Tracking your materials usage is important for sustainability because it has a direct impact on the environment. Global material use has been linked to serious environmental problems such as habitat destruction, biodiversity loss, overly stressed fisheries, and desertification, according to the US EPA. The more raw materials you use, the greater your impact on the environment.

5. Waste

Waste refers to unwanted or unusable materials that have no business value and require disposal. Examples of waste include solid waste (trash), wastewater, and hazardous or radioactive materials, to name a few.

All this waste can have serious environmental impacts, including air pollution, water contamination, and resource depletion. Obviously, reducing the amount of waste you generate can help reduce your environmental impacts — not to mention your operational costs.

Tracking waste can also tell you a lot about your organization’s overall operational efficiency. The more efficient your processes are, the less waste there will be.

Many organizations track waste using metrics like pounds of solid waste sent to landfill, amount of waste diverted from landfill, and recycling rates.

6. Injuries

Monitoring safety performance is another way to measure corporate sustainability. How well an organization promotes worker health and prevents harm can be a good indicator of its ability to deliver long-term stakeholder value.

As such, injury rate is often viewed as a marker of management quality. Studies show that organizations with leaders who prioritize worker safety have lower rates of occupational diseases and injuries. These organizations also see better productivity, higher profits, fewer workers compensation claims, and less absenteeism and turnover.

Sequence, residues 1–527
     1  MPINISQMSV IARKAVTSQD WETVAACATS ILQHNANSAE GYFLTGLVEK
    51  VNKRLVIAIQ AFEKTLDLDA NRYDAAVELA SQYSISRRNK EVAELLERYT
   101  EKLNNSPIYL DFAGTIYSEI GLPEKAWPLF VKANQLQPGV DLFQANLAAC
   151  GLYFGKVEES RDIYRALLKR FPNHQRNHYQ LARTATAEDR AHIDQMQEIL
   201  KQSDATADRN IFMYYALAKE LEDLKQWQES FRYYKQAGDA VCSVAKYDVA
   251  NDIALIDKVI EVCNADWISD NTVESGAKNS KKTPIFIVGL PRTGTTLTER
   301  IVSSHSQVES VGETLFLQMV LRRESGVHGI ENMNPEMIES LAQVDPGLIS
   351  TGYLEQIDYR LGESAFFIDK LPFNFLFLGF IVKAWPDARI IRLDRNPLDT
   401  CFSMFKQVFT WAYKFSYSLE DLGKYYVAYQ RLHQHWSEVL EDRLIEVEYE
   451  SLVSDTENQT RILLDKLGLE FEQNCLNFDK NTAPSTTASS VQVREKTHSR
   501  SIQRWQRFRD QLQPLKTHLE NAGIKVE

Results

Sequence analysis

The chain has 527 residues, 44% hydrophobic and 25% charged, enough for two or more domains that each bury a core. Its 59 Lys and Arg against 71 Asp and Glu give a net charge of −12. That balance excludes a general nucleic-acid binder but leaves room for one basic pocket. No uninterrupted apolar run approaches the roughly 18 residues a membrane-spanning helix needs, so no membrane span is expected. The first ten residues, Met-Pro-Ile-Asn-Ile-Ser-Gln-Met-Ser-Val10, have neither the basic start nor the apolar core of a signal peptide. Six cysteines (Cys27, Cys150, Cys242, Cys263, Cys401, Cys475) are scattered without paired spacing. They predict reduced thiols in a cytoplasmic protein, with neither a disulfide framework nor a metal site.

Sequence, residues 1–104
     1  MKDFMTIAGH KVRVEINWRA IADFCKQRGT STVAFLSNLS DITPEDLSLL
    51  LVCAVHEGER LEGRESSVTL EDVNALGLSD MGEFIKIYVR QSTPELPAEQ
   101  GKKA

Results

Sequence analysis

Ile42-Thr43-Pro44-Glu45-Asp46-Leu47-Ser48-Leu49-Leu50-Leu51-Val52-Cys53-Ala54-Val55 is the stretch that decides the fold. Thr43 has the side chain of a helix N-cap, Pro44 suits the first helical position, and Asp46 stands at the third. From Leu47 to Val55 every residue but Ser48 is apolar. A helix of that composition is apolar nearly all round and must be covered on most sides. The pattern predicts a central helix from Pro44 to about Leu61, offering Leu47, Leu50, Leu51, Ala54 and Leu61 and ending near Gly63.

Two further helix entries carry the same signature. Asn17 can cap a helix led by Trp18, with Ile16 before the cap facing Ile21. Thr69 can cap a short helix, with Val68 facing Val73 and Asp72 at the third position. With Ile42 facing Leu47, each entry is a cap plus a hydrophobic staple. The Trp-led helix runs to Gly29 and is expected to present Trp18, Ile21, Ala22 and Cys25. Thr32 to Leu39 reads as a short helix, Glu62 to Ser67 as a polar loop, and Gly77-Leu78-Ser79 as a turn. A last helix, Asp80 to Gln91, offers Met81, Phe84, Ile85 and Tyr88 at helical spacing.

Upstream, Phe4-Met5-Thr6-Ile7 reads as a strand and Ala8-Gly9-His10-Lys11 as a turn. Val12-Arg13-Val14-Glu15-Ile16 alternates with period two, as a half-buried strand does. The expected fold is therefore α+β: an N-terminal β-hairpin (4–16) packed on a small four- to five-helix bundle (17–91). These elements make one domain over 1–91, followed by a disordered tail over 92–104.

Three of the most commonly reported metrics from worker health and wellness are lost-time incident rate, recovery time, and personal injury rate.

7. Pay equity

Income inequality can have harmful social, economic, and political effects. And according to the World Inequality Report 2018, income inequality has increased globally in recent decades.

Pay equity, on the other hand, refers to paying employees fairly. This includes closing race and gender pay gaps, involving more women in leadership roles, improving corporate governance and reining in out-of-control executive pay.

The most sustainable companies typically have a lower CEO-to-average-worker pay ratio, more women on their boards, and a link between sustainability measures and executive pay, according to the Corporate Knights Global 100, an index of the most sustainable corporations in the world.

Your next steps

So there you have it — 7 sustainability indicators to track in order to drive more sustainable consumption and better financial performance. To learn more, read this article on the future of sustainability or check out our corporate sustainability software.